Section 230 (47 U.S.C. § 230) was Congress' response to two court cases decided in New York in the early 1990's that had conflicting results.

Cubby and Stratton Oakmont

The first case involved CompuServe, which in the early days of the Internet hosted "an on-line general information service" through which subscribers could access thousands of outside sites and around 150 special-interest forums. When a columnist for one of the special-interest forums posted defamatory comments about a competitor, the competitor sued CompuServe for libel. But the court, in the 1991 case Cubby, Inc. v. CompuServe, Inc, found CompuServe could not be held liable as the columnist’s distributor because CompuServe did not review any of the content on the forums before it was posted. Without knowledge of the libel, CompuServe could not be held responsible for it.

Four years later, in 1995, another New York court took a different approach in Stratton Oakmont, Inc. v. Prodigy Servs. Co. Prodigy was a web services company with two million subscribers that hosted online bulletin boards, including the popular site MoneyTalk. Because Prodigy moderated its online message boards and deleted some messages for "offensiveness and 'bad taste,'" the court found that it had become akin to a publisher with responsibility for defamatory postings that made it onto the site. At the time, Prodigy received 60,000 postings a day—far too many to review in their entirety. But the decision in Stratton Oakmont meant that just for attempting to moderate some posts, Prodigy took on liability for all posts. To avoid liability, the company would have to give up moderating all together and simply act as a blind host, like CompuServe.

In Congress, several legislators reacted to the Stratton Oakmont decision with alarm. Instead of imposing liability on companies that tried to police their sites, these legislators wanted to leave Internet companies like Prodigy free to develop new and innovative services—including moderator tools, as the market dictated—to ensure the Internet could continue to flourish. The prospect of liability for users' posts would have a chilling effect, resulting in severe restrictions on what and where Internet users could post.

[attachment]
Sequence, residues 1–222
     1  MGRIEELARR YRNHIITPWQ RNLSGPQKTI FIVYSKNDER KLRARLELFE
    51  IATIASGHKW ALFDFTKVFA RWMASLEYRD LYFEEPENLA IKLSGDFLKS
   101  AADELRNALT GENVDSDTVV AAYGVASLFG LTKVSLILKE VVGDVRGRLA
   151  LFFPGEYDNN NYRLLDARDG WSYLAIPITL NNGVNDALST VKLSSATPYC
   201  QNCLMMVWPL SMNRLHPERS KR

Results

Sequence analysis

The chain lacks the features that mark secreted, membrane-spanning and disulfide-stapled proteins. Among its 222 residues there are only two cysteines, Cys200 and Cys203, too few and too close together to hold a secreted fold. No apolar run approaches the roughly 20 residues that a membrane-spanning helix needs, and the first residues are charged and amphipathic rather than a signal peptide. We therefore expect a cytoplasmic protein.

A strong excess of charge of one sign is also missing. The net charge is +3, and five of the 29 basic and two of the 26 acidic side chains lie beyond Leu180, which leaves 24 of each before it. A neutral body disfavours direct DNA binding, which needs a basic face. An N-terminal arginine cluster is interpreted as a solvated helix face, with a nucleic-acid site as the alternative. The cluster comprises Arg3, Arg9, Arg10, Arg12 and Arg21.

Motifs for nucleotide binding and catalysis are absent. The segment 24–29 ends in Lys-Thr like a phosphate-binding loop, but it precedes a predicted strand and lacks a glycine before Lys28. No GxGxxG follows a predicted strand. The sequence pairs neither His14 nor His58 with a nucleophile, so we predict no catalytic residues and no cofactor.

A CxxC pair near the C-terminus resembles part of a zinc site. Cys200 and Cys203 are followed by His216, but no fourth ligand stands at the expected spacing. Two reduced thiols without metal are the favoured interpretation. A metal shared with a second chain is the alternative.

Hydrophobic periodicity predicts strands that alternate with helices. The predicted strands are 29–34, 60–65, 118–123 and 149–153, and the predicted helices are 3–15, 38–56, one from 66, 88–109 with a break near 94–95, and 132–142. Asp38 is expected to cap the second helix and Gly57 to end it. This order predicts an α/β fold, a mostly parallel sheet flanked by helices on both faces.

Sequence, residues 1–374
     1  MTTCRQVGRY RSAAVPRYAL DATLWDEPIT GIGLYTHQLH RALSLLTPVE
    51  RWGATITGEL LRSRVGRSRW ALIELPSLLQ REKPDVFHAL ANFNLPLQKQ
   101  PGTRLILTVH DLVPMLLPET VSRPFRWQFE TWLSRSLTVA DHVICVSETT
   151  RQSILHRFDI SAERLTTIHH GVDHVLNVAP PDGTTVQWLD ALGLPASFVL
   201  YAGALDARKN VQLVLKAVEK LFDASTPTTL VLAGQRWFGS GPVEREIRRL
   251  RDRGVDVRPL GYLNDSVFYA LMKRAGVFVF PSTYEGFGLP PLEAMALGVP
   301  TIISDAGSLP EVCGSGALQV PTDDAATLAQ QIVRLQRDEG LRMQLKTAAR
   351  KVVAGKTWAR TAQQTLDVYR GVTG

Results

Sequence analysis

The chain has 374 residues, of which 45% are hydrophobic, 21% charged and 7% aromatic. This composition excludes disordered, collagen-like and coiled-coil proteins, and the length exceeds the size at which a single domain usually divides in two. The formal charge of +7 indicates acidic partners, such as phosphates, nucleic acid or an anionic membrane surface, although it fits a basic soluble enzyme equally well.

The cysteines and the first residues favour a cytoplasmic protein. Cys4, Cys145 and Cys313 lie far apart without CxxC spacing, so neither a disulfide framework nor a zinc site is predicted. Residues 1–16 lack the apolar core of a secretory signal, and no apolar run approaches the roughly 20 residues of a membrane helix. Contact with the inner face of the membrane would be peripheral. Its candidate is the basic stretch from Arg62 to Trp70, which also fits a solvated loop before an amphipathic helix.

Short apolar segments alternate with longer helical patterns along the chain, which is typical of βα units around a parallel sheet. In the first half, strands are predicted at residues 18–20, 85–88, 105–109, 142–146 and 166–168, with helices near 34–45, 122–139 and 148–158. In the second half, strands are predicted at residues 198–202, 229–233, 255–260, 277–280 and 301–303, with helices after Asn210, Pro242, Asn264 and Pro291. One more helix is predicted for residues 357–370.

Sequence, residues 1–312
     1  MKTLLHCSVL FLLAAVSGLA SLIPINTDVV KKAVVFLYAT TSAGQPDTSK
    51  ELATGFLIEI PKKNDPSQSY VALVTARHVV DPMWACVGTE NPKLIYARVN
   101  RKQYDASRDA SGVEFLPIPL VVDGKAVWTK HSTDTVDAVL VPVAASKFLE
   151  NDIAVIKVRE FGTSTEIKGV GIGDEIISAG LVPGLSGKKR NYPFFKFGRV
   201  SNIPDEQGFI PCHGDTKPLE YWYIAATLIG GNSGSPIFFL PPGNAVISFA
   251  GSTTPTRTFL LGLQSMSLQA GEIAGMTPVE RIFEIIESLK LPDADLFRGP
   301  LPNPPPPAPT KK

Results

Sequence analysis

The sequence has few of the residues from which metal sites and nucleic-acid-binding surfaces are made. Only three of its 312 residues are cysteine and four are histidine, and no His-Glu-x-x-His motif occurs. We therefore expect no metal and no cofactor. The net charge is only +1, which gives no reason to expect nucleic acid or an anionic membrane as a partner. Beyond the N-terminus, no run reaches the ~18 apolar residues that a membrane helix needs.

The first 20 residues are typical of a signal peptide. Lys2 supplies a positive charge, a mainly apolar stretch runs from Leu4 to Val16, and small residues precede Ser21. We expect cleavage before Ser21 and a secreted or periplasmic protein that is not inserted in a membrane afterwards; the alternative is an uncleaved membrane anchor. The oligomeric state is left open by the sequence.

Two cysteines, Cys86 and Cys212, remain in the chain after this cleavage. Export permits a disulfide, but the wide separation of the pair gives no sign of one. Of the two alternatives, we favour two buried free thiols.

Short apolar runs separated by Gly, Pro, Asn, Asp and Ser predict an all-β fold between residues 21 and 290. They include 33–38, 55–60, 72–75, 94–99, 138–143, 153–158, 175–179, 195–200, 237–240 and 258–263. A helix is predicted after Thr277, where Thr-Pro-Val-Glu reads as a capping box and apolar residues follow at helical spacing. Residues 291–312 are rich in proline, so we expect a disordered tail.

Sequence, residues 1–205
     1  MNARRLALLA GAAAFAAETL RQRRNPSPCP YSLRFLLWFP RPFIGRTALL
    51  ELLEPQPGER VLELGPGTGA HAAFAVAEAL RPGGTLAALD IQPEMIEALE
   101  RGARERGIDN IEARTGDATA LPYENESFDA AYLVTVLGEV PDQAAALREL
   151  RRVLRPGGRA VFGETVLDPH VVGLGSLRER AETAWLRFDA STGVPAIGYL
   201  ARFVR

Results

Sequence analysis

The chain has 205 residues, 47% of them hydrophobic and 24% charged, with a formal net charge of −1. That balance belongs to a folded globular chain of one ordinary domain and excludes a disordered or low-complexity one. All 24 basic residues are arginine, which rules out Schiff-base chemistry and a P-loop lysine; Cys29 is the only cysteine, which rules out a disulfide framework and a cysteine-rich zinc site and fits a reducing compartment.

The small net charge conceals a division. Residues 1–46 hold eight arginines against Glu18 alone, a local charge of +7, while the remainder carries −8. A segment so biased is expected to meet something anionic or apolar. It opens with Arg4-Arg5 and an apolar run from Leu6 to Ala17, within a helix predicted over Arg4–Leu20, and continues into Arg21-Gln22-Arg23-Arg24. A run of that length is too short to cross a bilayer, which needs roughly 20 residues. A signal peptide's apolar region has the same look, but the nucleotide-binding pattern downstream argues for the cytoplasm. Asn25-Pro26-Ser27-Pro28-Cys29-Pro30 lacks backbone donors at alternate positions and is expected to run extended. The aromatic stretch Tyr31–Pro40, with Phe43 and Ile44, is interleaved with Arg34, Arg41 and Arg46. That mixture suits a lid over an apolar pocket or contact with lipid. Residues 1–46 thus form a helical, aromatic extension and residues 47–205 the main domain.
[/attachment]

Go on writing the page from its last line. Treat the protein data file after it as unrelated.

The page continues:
The Communications Decency Act

In February of 1995, Senator James Exon (D-NE) introduced the Communications Decency Act (CDA) in an attempt to regulate obscenity and indecency online. The CDA amended telecommunications law by making it illegal to knowingly send to or show minors obscene or indecent content online. Despite the CDA's vague language, threats of pornography and children's safety were enough to let it pass. It was tacked on to the Telecommunications Act, a sweeping bill to update a sixty-year-old law.

The Cox-Wyden Amendment: Section 230

Worried about the future of free speech online and responding directly to Stratton Oakmont, Representatives Chris Cox (R-CA) and Ron Wyden (D-OR) introduced an amendment to the Communications Decency Act that would end up becoming Section 230. The amendment specifically made sure that "providers of an interactive computer service" would not be treated as publishers of third-party content. Unlike publications like newspapers that are accountable for the content they print, online services would be relieved of this liability. Section 230 had two purposes: the first was to "encourage the unfettered and unregulated development of free speech on the Internet," as one judge put it; the other was to allow online services to implement their own standards for policing content and provide for child safety. Seeing the crucial importance of the amendment, the House passed it 420-4.

CDA Struck Down, Section 230 Survives

With Section 230 in the bill, the Telecommunications Act was signed into law on February 8, 1996. That same day, the ACLU filed a legal challenge for a temporary restraining order on the bill's indecency provisions.

The online community was outraged by the passage of the bill. EFF decried CDA's overly broad language and launched a Blue Ribbon Campaign, urging sites to "wear" a blue ribbon and link back to EFF's site to raise awareness. Several sites chose to black out their webpages in protest.

The ACLU's case, which several civil liberties organizations like the EFF as well as other industry groups joined, reached the Supreme Court. On June 26, 1997, in a 9-0 decision, the Supreme Court applied the First Amendment by striking down the anti-indecency sections of the CDA. Section 230, the amendment that promoted free speech, survived.